Under normal circumstances, any manager who guides his club to successive second place finishes, including one record setting year that would have won the title nine times out of ten, and back-to-back appearances in the Champions League wouldn't have to worry about his job security, but this Roma we're talking about; Roma doesn't do normal. So, despite those bona fides, the reported rift between Rudi Garcia and Roma management is widening by the day, leading many to speculate about his immediate future; as in, he may be out of job before I finish this sentence.
Today we were hit with a flurry of rumors, ambivalent quotes, and veiled criticisms that have led many to believe that Garcia is indeed on his way out the door. First and foremost, the fallout from Garcia's press conference last week continues to cloud his future. Garcia, you might recall, pinned Roma's inability to keep pace with Juventus on their economic and technical shortcomings, which, to the surprise of no one, kind of made James Pallotta upset. Go figure.
While Garcia is still Roma's manager, word on the streets is that he has not, in fact, been invited to the club's London summit. As this summit generally focuses the club's summer directives, Garcia's absence could be damning. While the extent to which any given manager is involved in a club's transfer policy varies, one would at least think he'd be in on the conversation. So if this disinvitation is true, it doesn't bode well for Garcia's future with the club.
But, this isn't really fresh news; we've been debating this for several days. However, there was a huge, and I'm talking HUGE, development on this front today. Well, perhaps 'development' is a tad too hyperbolic, but there is one man, one man for whom many Roma fans would sacrifice their firstborn to see him prowl the touchline once more, Luciano Spalletti. And the Poobah couldn't help but discuss his former employer.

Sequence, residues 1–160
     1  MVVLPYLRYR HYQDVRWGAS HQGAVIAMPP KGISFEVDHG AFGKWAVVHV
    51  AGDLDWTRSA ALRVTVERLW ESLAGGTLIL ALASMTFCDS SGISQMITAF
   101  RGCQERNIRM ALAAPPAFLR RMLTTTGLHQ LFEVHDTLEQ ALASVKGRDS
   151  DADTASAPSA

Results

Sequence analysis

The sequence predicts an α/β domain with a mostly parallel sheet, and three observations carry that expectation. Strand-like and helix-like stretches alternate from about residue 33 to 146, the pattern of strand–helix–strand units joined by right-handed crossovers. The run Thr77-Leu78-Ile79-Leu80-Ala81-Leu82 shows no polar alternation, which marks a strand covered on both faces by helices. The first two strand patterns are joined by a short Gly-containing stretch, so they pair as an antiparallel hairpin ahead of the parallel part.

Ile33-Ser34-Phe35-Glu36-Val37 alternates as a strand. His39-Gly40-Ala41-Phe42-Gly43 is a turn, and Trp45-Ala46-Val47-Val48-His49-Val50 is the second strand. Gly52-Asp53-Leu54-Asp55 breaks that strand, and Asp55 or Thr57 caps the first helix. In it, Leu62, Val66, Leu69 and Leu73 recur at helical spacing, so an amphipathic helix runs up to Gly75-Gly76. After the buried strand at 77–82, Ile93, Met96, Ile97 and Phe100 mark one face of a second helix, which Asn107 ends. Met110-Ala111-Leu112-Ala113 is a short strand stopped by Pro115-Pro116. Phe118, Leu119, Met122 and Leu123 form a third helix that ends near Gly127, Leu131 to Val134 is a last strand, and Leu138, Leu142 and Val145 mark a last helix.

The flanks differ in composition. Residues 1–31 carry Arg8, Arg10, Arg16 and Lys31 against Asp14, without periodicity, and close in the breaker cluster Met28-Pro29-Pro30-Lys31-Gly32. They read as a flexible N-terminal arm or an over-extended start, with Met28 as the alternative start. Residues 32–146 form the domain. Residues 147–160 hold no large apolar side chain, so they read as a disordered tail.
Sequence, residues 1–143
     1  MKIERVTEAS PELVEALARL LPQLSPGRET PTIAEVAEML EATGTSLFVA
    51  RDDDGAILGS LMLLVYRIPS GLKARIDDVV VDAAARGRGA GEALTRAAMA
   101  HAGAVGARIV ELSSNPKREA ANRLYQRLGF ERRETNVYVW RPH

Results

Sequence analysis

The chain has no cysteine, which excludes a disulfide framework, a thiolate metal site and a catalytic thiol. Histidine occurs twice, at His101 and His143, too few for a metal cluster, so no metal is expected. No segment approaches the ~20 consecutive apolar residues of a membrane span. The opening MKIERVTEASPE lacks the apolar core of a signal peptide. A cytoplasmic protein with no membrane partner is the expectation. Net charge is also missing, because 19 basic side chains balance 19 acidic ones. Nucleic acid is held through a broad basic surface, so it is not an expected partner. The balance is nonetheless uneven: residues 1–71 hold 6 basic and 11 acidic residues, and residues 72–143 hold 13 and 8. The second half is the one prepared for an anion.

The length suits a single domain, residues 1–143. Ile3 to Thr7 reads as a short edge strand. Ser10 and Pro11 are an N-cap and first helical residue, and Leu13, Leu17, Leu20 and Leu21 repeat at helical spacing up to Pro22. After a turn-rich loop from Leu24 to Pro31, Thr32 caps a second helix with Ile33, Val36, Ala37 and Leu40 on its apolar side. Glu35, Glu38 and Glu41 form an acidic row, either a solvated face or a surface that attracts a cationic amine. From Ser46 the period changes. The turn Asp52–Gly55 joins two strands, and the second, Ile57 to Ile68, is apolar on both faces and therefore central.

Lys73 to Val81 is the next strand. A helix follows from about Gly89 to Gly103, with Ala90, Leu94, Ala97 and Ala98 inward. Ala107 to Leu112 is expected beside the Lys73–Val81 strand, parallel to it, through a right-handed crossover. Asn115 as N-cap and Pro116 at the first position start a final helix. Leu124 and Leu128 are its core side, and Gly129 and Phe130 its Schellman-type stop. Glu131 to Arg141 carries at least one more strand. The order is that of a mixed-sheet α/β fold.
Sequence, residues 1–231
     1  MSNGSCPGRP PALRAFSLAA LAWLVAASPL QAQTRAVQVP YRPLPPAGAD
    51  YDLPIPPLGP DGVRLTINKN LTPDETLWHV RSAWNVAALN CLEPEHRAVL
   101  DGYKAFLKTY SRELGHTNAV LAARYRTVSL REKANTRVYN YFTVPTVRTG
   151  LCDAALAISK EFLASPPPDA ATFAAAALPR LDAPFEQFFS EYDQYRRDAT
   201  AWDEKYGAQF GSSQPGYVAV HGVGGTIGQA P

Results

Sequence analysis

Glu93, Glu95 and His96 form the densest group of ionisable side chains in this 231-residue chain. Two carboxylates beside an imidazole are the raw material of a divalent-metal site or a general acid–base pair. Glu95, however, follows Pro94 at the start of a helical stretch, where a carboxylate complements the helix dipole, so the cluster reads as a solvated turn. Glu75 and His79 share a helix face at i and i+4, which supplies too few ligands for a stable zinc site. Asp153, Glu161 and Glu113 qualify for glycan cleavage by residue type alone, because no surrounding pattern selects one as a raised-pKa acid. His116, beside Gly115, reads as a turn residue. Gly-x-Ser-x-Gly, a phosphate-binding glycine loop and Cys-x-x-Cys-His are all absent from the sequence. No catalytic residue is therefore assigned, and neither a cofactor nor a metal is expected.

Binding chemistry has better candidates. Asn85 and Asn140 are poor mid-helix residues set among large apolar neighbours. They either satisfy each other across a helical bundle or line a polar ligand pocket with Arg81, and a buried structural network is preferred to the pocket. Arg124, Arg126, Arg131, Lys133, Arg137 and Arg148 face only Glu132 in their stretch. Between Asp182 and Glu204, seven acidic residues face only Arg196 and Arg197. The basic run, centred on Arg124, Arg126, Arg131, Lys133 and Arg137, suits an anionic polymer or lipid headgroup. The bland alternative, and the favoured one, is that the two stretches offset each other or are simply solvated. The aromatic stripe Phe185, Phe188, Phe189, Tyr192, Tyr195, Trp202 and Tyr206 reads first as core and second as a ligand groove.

Everyone's favorite Ponce de Leon look alike chimed in on the current state of affairs in the Eternal City:
The Giallorossi have a good squad and I hope I am not disturbing Garcia's work by saying this...I think that with those words Garcia wanted to make perfectly clear that with their Champions League journey Juventus received a huge economic bonus...They are already investing on the market to get even stronger, so the gap does risk becoming even bigger next season
Nothing too untoward there; Juve making the Champions League final earned them a gigantic windfall, which will only increase their economic advantage over Roma, but then Spalletti took a somewhat veiled shot at Garcia's motivational techniques:
I was sent away from Roma because I always finished second, but I think against sides like Juve, Milan or Inter one must always try to convince the players they are capable of reaching the final result. You can't pull back. It is imperative to convince the players that the result ultimately depends on them.
Perhaps its the American in me, but I admire his cockeyed optimism; if you don't think you can win a given match, let alone the title, why show up?
Then Spalletti really lit the fuse...
I am like many others a Coach waiting for a phone call to get back on a bench, I'd like to work in Italy after an experience abroad that was fundamental for my growth process. If an important offer arrived, I would have no problem leaving what I organised abroad to come back to Italy
While we're still miles away from a new manager, if you're Rudi Garcia, and you're presumably interested in remaining in Rome, this confluence of rumor and intimation is your worst case scenario. There are few coaches in the club's history remembered as fondly as Spalletti, so if there was anyone who could unseat you, when all common sense says you should keep your job, it's Luciano.
For my money, I say yes. Yes, yes, yes. A thousand times yes.
Stay tuned, this could be an eventful weekend.